After a week or two though, I started noticing subtle changes in the way people talked to me as well as what they expected of me. Soon I was in charge of electronics and toys and then infants and then seasonal and then I was running around all the departments of the store while trying to cover electronics. There was much more physical work and I was now breaking a sweat. I started noticing my schedule saying that I was working the floor instead of electronics. It was like they noticed I was more reliable than others to get things done so they threw them in electronics and had me doing the tougher stuff. I didn’t complain because I was happy to have a job and I don’t like to say “I can’t”.
By Freddy Estrada
I started to work for Coca-Cola in Carlstad, NJ, in May 2005. I was 28 when that happened. My life changed. I was so glad to work for a big company thinking that life will be better for my family and for myself.
Later on everything started to change. I was harassed by a supervisor. I wrote some grievances on him, and that’s when my nightmare started. Other managers and supervisors started to attack me and retaliate against me.
I used to be so happy with my daughters and wife till I became so angry. My attitude changed due to the stress on me and the nightmares I was having — I would not wish this for anybody who has been a victim of racial discrimination and harassment and retaliation. It’s not a joke!
It affects you and your family. I’m not married anymore. I’m going through a divorce. I don’t see my kids like I used to, thanks to Coca-Cola that destroyed my life and my family.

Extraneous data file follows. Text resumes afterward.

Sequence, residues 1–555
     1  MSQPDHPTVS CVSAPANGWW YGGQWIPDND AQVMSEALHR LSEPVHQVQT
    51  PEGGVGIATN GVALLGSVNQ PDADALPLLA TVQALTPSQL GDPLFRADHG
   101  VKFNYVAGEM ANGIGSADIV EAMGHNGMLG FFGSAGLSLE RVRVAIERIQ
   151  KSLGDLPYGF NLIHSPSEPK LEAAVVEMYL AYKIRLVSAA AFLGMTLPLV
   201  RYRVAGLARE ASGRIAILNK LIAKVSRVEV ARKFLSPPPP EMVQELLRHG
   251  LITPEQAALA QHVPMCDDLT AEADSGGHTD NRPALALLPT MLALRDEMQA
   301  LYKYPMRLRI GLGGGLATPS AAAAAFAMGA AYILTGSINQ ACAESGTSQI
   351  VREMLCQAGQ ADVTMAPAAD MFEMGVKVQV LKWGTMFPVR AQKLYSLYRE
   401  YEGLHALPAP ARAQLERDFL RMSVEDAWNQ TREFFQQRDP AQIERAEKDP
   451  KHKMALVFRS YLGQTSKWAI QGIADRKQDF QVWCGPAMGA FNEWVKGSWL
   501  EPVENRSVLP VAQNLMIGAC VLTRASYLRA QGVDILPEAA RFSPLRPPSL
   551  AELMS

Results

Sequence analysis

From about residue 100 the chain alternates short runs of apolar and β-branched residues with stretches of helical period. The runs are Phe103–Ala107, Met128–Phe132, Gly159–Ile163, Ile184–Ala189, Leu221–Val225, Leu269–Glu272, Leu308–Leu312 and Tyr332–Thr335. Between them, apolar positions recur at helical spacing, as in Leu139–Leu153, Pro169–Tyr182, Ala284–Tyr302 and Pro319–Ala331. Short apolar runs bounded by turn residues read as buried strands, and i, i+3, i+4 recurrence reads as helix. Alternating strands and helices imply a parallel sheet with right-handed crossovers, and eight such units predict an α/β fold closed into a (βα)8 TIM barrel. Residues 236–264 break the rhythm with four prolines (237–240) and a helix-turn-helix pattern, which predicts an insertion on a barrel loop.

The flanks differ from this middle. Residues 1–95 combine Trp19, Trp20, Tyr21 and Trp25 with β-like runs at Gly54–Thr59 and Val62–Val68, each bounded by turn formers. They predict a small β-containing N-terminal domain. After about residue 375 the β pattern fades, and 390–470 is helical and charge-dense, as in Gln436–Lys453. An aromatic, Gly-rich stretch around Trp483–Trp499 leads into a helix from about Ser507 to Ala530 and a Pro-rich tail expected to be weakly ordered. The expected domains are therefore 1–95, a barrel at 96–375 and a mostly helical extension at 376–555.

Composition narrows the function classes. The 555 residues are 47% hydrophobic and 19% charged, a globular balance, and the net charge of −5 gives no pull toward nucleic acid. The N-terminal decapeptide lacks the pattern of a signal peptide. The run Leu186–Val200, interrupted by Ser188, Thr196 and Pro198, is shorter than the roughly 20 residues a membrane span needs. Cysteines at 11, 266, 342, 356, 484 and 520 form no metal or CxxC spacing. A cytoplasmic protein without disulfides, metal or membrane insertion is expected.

By Yvette Butler
I am a single mother of three children. I was hired by Coca-Cola in 2003 as a production mechanic at the Maspeth, Queens (New York) plant. I was the only female African-American mechanic until my termination in 2008. For five years, I faced constant racial and gender discrimination, unfair work assignments and sexual harassment from supervisors and co-workers. My complaints to managers and the Human Resources Department were ignored.
Throughout my employment, I was denied essential training on machines alongside my co-workers while white male mechanics were given this necessary training. I was constantly harassed on the job by male co-workers and supervisors who made comments like, “What is it? That time of the month?” A white female co-worker refusing an assignment went unchallenged when she openly said in a meeting and in my presence, “What am I, a Nigger?”
A maintenance manager persistently asked me for dates and made sexual jokes as I worked on the machines. The harassment and abuses escalated after I refused his advances. He told supervisors to assign me to dangerous and hazardous jobs alone, jobs that are normally done by two or more mechanics, thus jeopardizing my safety. None of my male and non-black counterparts had to work alone on these jobs. Another supervisor even instructed me to use a cigarette lighter to heat and soften up a hose in a room full of flammable chemicals. Instructions I fortunately did not follow and found another way to fix the hose.